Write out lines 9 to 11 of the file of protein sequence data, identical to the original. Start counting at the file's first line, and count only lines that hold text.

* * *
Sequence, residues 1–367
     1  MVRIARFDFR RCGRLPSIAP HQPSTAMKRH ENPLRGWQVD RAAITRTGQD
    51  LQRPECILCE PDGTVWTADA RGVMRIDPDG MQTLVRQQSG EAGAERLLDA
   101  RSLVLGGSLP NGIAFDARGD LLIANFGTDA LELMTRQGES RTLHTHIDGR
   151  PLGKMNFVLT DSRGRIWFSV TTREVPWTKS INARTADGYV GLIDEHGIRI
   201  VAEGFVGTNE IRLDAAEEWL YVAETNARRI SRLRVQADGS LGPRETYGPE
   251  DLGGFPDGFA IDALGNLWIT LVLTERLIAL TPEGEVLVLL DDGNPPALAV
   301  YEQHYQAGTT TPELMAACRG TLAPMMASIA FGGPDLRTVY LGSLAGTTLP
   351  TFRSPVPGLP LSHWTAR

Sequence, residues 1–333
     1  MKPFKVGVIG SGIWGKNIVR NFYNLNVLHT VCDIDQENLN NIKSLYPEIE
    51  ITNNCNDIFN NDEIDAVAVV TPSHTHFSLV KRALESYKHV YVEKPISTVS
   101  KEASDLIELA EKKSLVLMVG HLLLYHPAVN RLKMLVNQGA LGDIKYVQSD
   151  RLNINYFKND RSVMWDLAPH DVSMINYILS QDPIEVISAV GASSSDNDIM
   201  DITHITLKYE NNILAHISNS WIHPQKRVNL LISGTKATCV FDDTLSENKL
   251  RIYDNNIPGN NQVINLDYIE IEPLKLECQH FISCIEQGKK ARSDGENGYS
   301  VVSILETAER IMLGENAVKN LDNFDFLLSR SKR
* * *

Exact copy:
   351  TFRSPVPGLP LSHWTAR

Sequence, residues 1–333
     1  MKPFKVGVIG SGIWGKNIVR NFYNLNVLHT VCDIDQENLN NIKSLYPEIE